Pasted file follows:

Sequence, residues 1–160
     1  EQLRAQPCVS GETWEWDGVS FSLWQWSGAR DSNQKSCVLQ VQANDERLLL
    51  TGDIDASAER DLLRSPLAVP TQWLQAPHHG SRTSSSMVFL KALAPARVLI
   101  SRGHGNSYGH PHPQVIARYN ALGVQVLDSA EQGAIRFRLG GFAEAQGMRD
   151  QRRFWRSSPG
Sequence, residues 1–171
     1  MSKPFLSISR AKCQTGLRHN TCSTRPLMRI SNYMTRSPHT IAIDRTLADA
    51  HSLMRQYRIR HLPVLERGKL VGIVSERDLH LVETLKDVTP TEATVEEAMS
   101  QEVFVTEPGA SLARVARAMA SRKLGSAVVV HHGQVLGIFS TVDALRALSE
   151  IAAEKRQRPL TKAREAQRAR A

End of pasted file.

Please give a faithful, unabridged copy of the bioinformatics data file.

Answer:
Sequence, residues 1–160
     1  EQLRAQPCVS GETWEWDGVS FSLWQWSGAR DSNQKSCVLQ VQANDERLLL
    51  TGDIDASAER DLLRSPLAVP TQWLQAPHHG SRTSSSMVFL KALAPARVLI
   101  SRGHGNSYGH PHPQVIARYN ALGVQVLDSA EQGAIRFRLG GFAEAQGMRD
   151  QRRFWRSSPG
Sequence, residues 1–171
     1  MSKPFLSISR AKCQTGLRHN TCSTRPLMRI SNYMTRSPHT IAIDRTLADA
    51  HSLMRQYRIR HLPVLERGKL VGIVSERDLH LVETLKDVTP TEATVEEAMS
   101  QEVFVTEPGA SLARVARAMA SRKLGSAVVV HHGQVLGIFS TVDALRALSE
   151  IAAEKRQRPL TKAREAQRAR A